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Dusty Chalk

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The point regarding filters isn't that you can hear ultrasonic noise; it's about avoiding audible intermodulation of noise with your passband. Ideally, the noise is uncorrelated but in practice cyclical errors are likely to show up in a 7th order 1-bit modulator as you can't employ dither. One would have to find out experimentally if this turned out to be audible. Digital filtering is already used in DSD playback; you can see that in datasheets for DACs that support DSD playback (and probably in the case of 'digital amplifiers' that support DSD playback, if they specify such things in their datasheets). However, the design of the filter may vary, particularly depending on how DSD is handled by the specific DAC. Aside from that issue, I disagree that DSD is relevantly 'simpler' except when working with very loose, largely undescriptive metaphors for the functional architecture of an audio system. That is, if one thinks that DSD permits a 'dacless' playback architecture, one has made too much of the notion of a DAC. DSD is not more of an 'analog' format than PCM, nor does it in some intrinsic sense somehow get you closer to a "pure" representation of 'the signal.' I somewhat obliquely suggested this earlier, but audio systems are probably best modeled as control systems. The 'signal' is a metaphor for an idealized reconstruction of the input; the sense in which the signal is in the format is relational to the system. Under Sony's functional diagram, all that is happening is the functional blocking is done slightly differently than CD Audio, such that the D/A conversion block is divided differently, where the front-end and back-end of a delta-sigma DAC is physically split. Sony's functional diagram isn't representative of real-world implementations of DSD playback, in any case, but this is essentially what that diagram represents.  Certain functional blocks of the total system are distributed in time and place, but they are all relatable in terms of a total system, and whether the reconstructed output of the playback device is 'pure' is only really intelligible within the confines of thinking about the system.  It makes little sense to describe a playback device, that is lacking ordinary features of the control system, as providing a more pure output simply on the basis of lacking such features. It may be a mechanically simpler device, but omitting certain processing (such as filtering, noise shaping/dither, and so forth) may effectively represent a failure in the control system and a less accurate or 'pure' reconstruction of the input. Therefore, you cannot tell that a DAC design contains superfluous parts, or is likely to adulterate 'the signal,' simply on the basis of its complexity and the extent of processing involved. You can only tell when taking into account the total system. People generally get around this caveat by inserting a tacit ceteris paribus clause - that is, all other things being equal; but that's the problem, they aren't. Design requirements are domain-specific, and simplicitly is not a particularly good universal indicium of fidelity in audio design. That doesn't mean that all complex designs are good (or that complexity itself is good); it means evaluation is domain-specific. In the specific case of DACs, simplicity often leads to a lower-fidelity reconstruction of the original recording (subject to production variables like post-processing). To the extent that DSD allows for 'simplicity,' it does in the sense that you could (in theory) use it as a control signal for what is essentially an open-loop switching amplifier, which is architecturally "simpler" in its most basic sense than an R-2R latter. However, as I noted before such a device would have abysmal performance that is not in any relevant sense 'pure' or architecturally equivalent to high-performance switching amplifiers designed for audio reproduction.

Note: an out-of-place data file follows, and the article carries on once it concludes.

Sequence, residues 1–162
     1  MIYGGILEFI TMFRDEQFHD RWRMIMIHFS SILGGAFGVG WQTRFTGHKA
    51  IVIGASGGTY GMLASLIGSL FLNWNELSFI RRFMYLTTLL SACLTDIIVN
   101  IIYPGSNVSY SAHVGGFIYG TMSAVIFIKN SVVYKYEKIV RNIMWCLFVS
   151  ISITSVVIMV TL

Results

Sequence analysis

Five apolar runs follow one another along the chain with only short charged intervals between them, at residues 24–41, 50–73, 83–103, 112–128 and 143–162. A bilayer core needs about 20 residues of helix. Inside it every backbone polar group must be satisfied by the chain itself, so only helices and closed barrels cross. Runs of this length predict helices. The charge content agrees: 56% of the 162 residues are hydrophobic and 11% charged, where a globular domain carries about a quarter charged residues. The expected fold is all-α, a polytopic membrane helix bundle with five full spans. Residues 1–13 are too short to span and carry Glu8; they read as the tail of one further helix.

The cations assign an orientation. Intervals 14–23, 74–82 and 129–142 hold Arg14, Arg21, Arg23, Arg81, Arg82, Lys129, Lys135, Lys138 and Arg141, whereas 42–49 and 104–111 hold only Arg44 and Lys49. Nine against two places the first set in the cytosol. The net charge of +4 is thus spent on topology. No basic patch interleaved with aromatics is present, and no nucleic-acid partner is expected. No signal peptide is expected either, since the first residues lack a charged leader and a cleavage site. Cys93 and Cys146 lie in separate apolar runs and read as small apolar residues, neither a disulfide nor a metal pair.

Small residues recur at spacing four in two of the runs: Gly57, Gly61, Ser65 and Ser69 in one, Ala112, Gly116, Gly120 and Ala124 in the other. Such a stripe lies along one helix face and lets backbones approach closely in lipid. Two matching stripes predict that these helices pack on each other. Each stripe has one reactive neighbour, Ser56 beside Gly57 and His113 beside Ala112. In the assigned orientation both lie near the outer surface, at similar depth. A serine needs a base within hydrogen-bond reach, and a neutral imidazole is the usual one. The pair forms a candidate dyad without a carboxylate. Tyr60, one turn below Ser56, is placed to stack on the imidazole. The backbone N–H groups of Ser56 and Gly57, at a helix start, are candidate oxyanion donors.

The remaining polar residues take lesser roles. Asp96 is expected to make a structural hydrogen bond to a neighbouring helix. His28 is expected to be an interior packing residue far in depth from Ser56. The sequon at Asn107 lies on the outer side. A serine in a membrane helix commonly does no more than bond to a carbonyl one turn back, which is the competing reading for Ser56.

I want to print this out and hang it on my wall.

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I'm not entirely clear on what he means when talking about the relative amount of information encoded by DSD; the reference to Shannon (and Weaver) is somewhat opaque. Maybe he means entropy? If so, then feedback has to be factored in for DSD, since it is DPCM rather than PCM. DSD can also be entropy coded (DST) to save space. However, in the case of SACD, I imagine this is only used for dual-program discs (i.e. 2/5.1) since, otherwise, it doesn't matter much one way or another to the manufacturer (there is only one media specification, AFAIK).

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"19) We have recently introduced a two channel A/D converter that will output both PCM and DSD. But this converter has a few tricks up its sleeves. Specifically we have taken a page from the "What is so great about DSD" manual and applied it to PCM. And it turns out that with quad rate PCM you can get ALL OF THE SONIC ADVANTAGES OF DSD WITH NONE OF THE PRACTICAL DISADVANTAGES."


What does he mean by applying what is great about DSD to PCM? By his previous points it doesn't sound like it has any advantages over high res PCM.


Also is quad rate PCM = 24/176.4 or some other novel thing?

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